Work Less Party of British Columbia

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Work Less Party of British Columbia
Historical provincial party
LeaderConrad Schmidt
FoundedJuly 7, 2003 (2003-07-07)
DissolvedMay 3, 2017 (2017-05-03)
Headquarters1545 10 Ave E
Vancouver, British Columbia
V5N 1X6
IdeologyWorkers rights

The Work Less Party was a political party in the Canadian province of British Columbia. The party was founded in 2003 by Conrad Schmidt and de-registered in May 2017. The primary aim of this party was to move to a 32-hour work week and its party slogan was "Work Less, Consume Less, Live More." The slogan describes the party's aim to encourage people to reduce their consumption, to be more environmentally and socially conscious, and to focus on real values. Instead of consuming, people are encouraged to spend time on family, friends, community engagement, art and creative endeavours, spiritual exploration, and athletic activities.

The Work Less Party nominated eleven candidates for the May 2005 provincial election, who won a total of 1,642 votes (0.09% of the provincial total). None of the candidates were elected. In the 2009 provincial election, the party nominated two candidates who combined for 322 votes (0.02% of the provincial total). The party has also participated in municipal politics. Ben West ran for mayor of Vancouver in the November 2005 election, receiving 1,907 votes (1.47%). In the next Vancouver mayoral election, in November 2008, Betty Krawczyk ran for mayor under the Work Less Party platform, as did four people for councillor positions, though none were elected.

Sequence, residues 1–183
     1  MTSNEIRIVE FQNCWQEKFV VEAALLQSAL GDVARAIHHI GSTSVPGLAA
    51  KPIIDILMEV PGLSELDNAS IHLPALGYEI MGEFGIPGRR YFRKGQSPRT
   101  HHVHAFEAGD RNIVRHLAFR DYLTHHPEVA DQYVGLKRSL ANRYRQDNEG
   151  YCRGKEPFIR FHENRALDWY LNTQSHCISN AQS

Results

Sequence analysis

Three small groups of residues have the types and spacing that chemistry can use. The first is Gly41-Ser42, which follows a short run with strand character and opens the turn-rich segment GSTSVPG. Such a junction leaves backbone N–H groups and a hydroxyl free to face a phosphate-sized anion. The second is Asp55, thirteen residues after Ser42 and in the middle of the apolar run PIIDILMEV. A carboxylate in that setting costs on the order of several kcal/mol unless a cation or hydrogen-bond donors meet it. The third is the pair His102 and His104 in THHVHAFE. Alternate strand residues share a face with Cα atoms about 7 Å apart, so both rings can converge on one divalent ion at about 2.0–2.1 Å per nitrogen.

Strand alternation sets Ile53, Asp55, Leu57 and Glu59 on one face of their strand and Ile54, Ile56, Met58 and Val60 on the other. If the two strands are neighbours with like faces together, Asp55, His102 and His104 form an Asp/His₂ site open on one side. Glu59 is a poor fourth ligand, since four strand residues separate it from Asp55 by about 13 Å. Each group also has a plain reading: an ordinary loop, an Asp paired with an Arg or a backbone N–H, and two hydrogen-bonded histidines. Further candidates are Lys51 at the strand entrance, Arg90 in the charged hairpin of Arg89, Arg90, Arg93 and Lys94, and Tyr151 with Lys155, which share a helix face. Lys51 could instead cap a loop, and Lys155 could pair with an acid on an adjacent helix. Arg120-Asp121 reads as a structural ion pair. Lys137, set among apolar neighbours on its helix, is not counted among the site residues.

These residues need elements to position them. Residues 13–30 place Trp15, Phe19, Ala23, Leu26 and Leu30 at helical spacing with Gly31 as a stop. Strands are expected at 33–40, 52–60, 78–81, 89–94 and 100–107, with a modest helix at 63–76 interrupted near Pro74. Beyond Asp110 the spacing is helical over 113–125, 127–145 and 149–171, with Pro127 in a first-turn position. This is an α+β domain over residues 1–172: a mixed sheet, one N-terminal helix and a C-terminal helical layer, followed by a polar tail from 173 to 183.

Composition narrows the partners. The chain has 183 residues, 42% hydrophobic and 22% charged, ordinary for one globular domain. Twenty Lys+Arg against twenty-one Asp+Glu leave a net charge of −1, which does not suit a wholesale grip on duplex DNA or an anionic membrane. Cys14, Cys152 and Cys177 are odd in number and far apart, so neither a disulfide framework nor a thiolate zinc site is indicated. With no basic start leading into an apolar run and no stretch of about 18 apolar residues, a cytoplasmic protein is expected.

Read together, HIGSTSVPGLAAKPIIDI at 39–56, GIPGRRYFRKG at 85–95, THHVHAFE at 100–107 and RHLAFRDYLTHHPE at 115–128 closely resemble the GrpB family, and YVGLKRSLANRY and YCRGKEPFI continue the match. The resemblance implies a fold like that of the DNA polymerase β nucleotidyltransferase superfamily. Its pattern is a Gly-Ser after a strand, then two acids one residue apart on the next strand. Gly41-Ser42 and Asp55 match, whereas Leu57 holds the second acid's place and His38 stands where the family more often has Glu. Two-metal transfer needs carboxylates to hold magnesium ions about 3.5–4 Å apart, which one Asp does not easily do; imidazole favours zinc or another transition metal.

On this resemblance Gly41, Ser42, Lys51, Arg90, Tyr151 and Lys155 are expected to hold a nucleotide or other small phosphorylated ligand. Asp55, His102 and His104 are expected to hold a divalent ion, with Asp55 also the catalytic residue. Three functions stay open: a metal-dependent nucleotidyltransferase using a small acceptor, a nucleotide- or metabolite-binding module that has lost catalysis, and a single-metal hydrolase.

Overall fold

The party had a federal wing, called the Work Less Party, between October 2007 and July 2010. The federal Work Less Party nominated one candidate: Betty Krawczyk in the Vancouver East electoral district during the October 2008 federal election.


The guiding principles of the Work Less Party of BC were that people should be working less, taking more time enjoying what makes them happy and spending less money on unnecessary consumer goods.[1] To accomplish this they purpose to start by legislating a 32-hour or four-day work week. Their research has shown that by reducing the work week from five days to four would result in approximately 7% less take home pay[2] but would also mean a much lower unemployment rate and allow workers to spend more time with family and pursuing leisure activities. Other policy points included on past platforms have included controls on rents and property costs, higher taxes on luxury goods, and the promotion of arts, education, sports and research, prohibiting unpaid overtime work, and changing to the payroll tax system to encourage hiring additional workers.

In 2005 the party stated its goal was to "champion the economic, environmental and social advantages of a reduced work week".[3]